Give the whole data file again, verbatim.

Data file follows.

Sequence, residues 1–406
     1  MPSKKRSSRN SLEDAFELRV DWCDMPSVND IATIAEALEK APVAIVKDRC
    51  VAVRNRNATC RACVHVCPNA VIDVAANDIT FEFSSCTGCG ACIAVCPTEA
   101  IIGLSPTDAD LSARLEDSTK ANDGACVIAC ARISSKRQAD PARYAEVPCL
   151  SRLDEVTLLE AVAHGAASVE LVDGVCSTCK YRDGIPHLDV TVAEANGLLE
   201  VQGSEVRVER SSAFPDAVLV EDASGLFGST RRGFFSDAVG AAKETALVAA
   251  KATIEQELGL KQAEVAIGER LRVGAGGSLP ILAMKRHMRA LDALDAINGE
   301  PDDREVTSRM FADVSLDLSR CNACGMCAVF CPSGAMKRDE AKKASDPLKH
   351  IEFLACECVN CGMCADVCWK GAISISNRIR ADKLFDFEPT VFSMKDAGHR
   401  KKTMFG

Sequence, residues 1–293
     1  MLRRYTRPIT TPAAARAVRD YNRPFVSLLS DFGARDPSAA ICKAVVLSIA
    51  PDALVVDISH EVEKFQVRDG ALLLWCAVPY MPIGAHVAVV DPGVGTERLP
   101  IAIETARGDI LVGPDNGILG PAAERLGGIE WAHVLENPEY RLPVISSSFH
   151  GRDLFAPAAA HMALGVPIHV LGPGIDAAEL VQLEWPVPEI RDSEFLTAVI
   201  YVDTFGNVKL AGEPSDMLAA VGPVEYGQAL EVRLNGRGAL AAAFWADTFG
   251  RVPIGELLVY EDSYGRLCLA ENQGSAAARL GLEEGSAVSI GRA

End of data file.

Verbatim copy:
Sequence, residues 1–406
     1  MPSKKRSSRN SLEDAFELRV DWCDMPSVND IATIAEALEK APVAIVKDRC
    51  VAVRNRNATC RACVHVCPNA VIDVAANDIT FEFSSCTGCG ACIAVCPTEA
   101  IIGLSPTDAD LSARLEDSTK ANDGACVIAC ARISSKRQAD PARYAEVPCL
   151  SRLDEVTLLE AVAHGAASVE LVDGVCSTCK YRDGIPHLDV TVAEANGLLE
   201  VQGSEVRVER SSAFPDAVLV EDASGLFGST RRGFFSDAVG AAKETALVAA
   251  KATIEQELGL KQAEVAIGER LRVGAGGSLP ILAMKRHMRA LDALDAINGE
   301  PDDREVTSRM FADVSLDLSR CNACGMCAVF CPSGAMKRDE AKKASDPLKH
   351  IEFLACECVN CGMCADVCWK GAISISNRIR ADKLFDFEPT VFSMKDAGHR
   401  KKTMFG

Sequence, residues 1–293
     1  MLRRYTRPIT TPAAARAVRD YNRPFVSLLS DFGARDPSAA ICKAVVLSIA
    51  PDALVVDISH EVEKFQVRDG ALLLWCAVPY MPIGAHVAVV DPGVGTERLP
   101  IAIETARGDI LVGPDNGILG PAAERLGGIE WAHVLENPEY RLPVISSSFH
   151  GRDLFAPAAA HMALGVPIHV LGPGIDAAEL VQLEWPVPEI RDSEFLTAVI
   201  YVDTFGNVKL AGEPSDMLAA VGPVEYGQAL EVRLNGRGAL AAAFWADTFG
   251  RVPIGELLVY EDSYGRLCLA ENQGSAAARL GLEEGSAVSI GRA